The Black-throated Mango (Anthracothorax nigricollis) is a medium-sized hummingbird found in tropical regions of Central and South America. With its metallic green upperparts, black throat, and long decurved bill, it is one of the more distinct hummingbird species.
The black-throated mango measures around 12-13 cm long and weighs 5-8 grams. As its name suggests, adult males have a velvety black throat patch, bordered below with an iridescent emerald gorget. The upperparts and flanks are golden green, while the belly is grayish-white. The tail is forked and steel blue. Females lack the black throat and have white spotting on the throat and breast. The bill of the black-throated mango is long, slim, and decurved.
Distribution and Habitat
The black-throated mango is found from Mexico south to Bolivia and central Brazil. Its habitats include tropical evergreen forests, forest edges, second growth, plantations, and parks and gardens. It is generally quite common within its wide range.
Like all hummingbirds, the black-throated mango feeds on nectar taken from a variety of brightly colored, scented small flowers of herbs, shrubs and trees. It favors flowers with the highest sugar content. It uses its long, specialized tongue to retrieve the nectar while hovering in front of the flower. It also takes some small insects and spiders as an essential source of protein.
Behavior and Breeding
The black-throated mango is solitary and territorial. Males will aggressively defend their flower and feeding territories from intruders, engaging in intense aerial chases and displays. Their courtship display consists of flying in rapid, elliptical patterns low over their territory.
Males and females form breeding partnerships that last only for a single breeding season. The female builds a small cup nest on a low horizontal branch or tree fork, binding plant fibers and lichens together with spider webs. She incubates the two white, elongated eggs for 15-19 days. The chicks fledge about 20-28 days after hatching.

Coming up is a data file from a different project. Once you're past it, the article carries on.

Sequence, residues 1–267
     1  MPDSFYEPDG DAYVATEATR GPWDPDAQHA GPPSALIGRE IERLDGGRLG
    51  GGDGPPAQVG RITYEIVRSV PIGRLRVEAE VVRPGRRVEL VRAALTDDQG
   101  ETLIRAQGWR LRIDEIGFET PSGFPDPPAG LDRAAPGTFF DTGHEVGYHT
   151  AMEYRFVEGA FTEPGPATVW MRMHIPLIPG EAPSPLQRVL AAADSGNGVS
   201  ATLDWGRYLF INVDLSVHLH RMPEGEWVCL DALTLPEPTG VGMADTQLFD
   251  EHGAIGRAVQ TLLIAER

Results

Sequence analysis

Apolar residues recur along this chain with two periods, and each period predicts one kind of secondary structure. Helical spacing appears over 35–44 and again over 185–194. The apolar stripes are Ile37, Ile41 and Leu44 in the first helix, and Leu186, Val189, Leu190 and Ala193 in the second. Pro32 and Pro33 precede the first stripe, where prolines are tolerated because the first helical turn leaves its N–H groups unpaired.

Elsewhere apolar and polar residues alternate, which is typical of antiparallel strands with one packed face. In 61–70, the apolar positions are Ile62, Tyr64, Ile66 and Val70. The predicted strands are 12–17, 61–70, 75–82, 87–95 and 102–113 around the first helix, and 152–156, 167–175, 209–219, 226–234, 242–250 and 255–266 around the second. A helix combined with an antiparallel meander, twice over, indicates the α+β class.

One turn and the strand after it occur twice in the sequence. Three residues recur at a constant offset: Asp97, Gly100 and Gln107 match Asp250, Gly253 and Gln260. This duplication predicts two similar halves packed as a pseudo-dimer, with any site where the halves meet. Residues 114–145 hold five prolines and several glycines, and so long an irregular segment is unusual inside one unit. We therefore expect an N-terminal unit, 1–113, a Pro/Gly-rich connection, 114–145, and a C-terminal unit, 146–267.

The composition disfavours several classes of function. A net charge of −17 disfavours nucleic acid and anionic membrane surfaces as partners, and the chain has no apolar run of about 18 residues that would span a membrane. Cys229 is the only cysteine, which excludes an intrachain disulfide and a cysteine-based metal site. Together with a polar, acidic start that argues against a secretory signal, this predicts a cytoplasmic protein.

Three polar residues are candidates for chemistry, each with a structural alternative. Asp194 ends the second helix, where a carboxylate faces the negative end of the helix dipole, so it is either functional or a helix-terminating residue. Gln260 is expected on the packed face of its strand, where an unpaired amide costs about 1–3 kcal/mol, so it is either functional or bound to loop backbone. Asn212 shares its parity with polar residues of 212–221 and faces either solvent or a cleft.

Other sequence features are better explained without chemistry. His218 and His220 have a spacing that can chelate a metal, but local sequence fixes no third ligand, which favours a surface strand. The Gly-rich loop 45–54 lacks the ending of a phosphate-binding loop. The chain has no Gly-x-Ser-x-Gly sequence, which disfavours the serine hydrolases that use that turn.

Northern populations of the black-throated mango are migratory, moving southward after breeding. Those breeding in Central America migrate down the mountains to the Pacific lowlands in winter. South American populations are largely resident year-round, undertaking only local migrations.
Status and Threats
A widespread and often common species, the black-throated mango is ranked as Least Concern on the IUCN Red List. Its numbers appear to be stable, and it tolerates modified habitats such as gardens and plantations quite well. As long as sufficient flowers remain available, this adaptable hummingbird should continue to thrive.
No special conservation actions are currently needed for the black-throated mango. Maintaining diversity of flowering plants and trees in parks, gardens, and agricultural areas is beneficial. Providing clean nectar feeders, limiting pesticide use, and keeping cats indoors helps support hummingbird populations. Ecotourism projects can also aid conservation efforts in many parts of its range.
– The black-throated mango gets its name from two sources – the glossy black throat of the male, and the fact that it feeds on mango flower nectar in some areas.
– Its scientific name comes from two Greek words – anthos meaning flower, and thorax meaning chest – referring to its colorful gorget. The species name nigricollis combines the Latin words for black (niger) and neck (collum).
– The tail feathers make a humming sound during flight, hence the name “hummingbird”. The black-throated mango’s wingbeat frequency is around 15 beats per second.
– Hummingbirds have the fastest metabolic rate of any bird, about 10 times faster than humans. This enables their super-charged lifestyle and aerobatics.
– To conserve energy, they go into a state of torpor at night, lowering their body temperature and slowing their heartbeat and breathing.
– Like all hummingbirds, the black-throated mango has weak feet and can barely walk. They do almost everything – feed, mate, groom, bathe – while hovering mid-air.
– The black-throated mango features prominently in ancient Aztec legend. It was considered a symbol of the sun god Huitzilopochtli.
In summary, the dazzling black-throated mango is a charismatic tropical hummingbird species equipped with special adaptations for a life on fast-forward. Sipping sugary nectar while buzzing between brilliant flowers, it adds a spark of energy and vibrancy to its habitats across the Americas. With continued conservation of native flowering plants, this emerald-hued jewel of the hummingbird family will continue to thrive.